By Justine Champine

Janice was on an airplane headed to a conference she didn’t want to attend. The woman next to her spilled a cup of wine on Janice’s lap and then, a few minutes later, turned her nearly empty bag of miniature pretzels inside out to get at the broken bits in the corners, showering Janice with salt and crumbs. Behind them, a child howled for an entire hour. Above, one baggage compartment door kept coming unlatched. A flight attendant shut it several times but it wouldn’t stick, so she moved the luggage to another compartment but the door kept flapping around as the plane trundled on.

About halfway through the flight, the seatbelt lights flashed on. The attendants whispered in a cluster at the back of the plane before buckling themselves into fold-out seats. A disembodied pilot’s voice brought warning of severe turbulence. Soon, the cabin went dark. A rush of air swept through the aisle.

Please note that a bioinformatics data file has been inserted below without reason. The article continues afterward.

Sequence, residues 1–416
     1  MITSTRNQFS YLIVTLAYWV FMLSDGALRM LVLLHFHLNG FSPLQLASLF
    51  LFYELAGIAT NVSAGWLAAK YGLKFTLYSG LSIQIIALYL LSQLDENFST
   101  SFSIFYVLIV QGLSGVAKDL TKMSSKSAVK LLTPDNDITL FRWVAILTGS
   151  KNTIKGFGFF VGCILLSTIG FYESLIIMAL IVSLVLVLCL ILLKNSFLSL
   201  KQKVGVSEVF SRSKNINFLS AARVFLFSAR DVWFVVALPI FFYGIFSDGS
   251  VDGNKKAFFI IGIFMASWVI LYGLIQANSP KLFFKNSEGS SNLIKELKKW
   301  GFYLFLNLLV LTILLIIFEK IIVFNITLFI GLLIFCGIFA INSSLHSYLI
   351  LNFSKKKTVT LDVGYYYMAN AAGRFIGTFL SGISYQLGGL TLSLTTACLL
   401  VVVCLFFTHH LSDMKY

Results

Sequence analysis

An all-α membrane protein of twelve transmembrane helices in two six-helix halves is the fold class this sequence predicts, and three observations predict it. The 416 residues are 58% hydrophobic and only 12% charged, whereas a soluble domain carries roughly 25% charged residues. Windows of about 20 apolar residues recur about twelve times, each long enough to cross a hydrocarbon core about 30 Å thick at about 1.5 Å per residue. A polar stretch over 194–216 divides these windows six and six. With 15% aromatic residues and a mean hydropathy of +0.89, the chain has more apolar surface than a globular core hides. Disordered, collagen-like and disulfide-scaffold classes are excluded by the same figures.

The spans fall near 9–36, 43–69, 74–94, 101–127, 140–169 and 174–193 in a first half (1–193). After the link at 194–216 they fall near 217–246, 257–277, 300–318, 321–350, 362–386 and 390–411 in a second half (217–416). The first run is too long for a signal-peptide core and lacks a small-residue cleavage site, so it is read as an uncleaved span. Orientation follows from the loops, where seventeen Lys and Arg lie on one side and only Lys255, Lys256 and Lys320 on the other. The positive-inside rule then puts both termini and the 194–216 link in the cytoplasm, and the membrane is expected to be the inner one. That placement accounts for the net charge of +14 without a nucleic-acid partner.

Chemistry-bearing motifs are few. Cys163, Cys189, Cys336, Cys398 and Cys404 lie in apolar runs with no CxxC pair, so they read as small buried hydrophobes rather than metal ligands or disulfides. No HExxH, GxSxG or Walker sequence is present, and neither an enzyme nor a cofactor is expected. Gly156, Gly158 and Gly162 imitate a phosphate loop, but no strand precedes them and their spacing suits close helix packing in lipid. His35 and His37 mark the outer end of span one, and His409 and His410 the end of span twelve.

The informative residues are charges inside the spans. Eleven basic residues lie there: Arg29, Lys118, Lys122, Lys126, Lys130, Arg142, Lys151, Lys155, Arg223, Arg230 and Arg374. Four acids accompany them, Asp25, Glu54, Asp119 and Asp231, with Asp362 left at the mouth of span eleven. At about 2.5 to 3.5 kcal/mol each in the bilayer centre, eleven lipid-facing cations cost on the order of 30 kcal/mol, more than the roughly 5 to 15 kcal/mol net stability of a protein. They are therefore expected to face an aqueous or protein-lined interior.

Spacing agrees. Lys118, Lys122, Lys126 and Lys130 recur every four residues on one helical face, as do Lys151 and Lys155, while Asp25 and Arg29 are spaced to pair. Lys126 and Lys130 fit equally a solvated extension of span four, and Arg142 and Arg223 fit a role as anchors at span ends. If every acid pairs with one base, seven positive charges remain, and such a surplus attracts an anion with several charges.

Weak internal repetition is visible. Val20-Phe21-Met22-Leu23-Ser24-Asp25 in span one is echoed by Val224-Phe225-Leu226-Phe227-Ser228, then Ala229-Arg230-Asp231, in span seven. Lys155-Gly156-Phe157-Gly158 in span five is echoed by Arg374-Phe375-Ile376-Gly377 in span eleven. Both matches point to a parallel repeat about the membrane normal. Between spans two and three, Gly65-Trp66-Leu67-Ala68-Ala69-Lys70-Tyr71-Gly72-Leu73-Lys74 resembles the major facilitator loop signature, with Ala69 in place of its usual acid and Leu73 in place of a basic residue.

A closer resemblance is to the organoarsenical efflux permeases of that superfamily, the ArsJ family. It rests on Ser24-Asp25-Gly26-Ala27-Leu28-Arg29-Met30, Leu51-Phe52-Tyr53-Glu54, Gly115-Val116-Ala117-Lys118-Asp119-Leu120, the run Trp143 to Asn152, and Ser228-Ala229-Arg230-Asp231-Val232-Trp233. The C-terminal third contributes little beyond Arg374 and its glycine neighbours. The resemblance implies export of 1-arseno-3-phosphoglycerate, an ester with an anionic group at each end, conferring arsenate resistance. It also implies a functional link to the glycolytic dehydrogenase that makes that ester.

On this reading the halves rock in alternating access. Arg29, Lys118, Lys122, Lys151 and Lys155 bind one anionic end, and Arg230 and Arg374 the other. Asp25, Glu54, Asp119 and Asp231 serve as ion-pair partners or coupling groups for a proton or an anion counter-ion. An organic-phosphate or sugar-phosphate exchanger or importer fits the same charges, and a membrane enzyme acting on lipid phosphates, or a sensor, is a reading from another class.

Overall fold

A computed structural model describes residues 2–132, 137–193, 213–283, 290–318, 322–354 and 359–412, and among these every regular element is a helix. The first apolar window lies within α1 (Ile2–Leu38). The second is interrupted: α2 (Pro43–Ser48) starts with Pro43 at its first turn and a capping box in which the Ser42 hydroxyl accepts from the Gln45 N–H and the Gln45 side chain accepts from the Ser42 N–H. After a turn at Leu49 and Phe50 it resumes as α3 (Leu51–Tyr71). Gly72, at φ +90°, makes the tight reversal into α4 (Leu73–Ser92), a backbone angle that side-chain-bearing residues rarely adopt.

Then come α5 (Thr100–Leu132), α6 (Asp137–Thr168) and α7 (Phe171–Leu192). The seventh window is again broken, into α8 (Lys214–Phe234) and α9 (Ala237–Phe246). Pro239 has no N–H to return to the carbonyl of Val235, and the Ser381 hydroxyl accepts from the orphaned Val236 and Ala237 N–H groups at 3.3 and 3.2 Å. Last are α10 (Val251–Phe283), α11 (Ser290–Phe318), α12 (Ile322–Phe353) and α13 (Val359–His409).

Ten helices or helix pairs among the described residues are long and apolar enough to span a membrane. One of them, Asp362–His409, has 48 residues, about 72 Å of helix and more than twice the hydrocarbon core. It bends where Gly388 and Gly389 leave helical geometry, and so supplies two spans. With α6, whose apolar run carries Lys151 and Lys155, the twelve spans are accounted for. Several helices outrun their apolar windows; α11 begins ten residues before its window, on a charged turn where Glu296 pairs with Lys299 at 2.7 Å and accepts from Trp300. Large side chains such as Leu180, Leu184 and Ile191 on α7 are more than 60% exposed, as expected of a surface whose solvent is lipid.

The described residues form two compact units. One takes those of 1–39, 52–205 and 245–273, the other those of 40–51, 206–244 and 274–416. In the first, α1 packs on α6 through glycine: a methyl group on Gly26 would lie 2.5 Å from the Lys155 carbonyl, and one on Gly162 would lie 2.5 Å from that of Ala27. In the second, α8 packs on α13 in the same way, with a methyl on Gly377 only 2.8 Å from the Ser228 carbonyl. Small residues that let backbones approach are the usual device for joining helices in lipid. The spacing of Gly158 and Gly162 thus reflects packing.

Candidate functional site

In the end, the plane made a fiery crash landing in an icy field. Janice remained conscious throughout the entire event. About half of the passengers survived. Janice untethered herself from the wreckage, managed to find her suitcase, and emerged onto the ice where some of the uninjured survivors wandered aimlessly, their sooty faces contorted in disbelief. Emergency personnel arrived along with a television crew. As the unaffected loaded people onto stretchers and set up their cameras, Janice stood off to the side behind a pine tree. She realized this was her one chance to disappear entirely, without questioning or investigation. Everyone would assume she had been killed in the crash. A team of men hoisted large hoses up to the smoldering debris. Janice pulled a cigarette from her cape and walked into the snowy forest, dragging her suitcase behind her. She had always enjoyed the cold.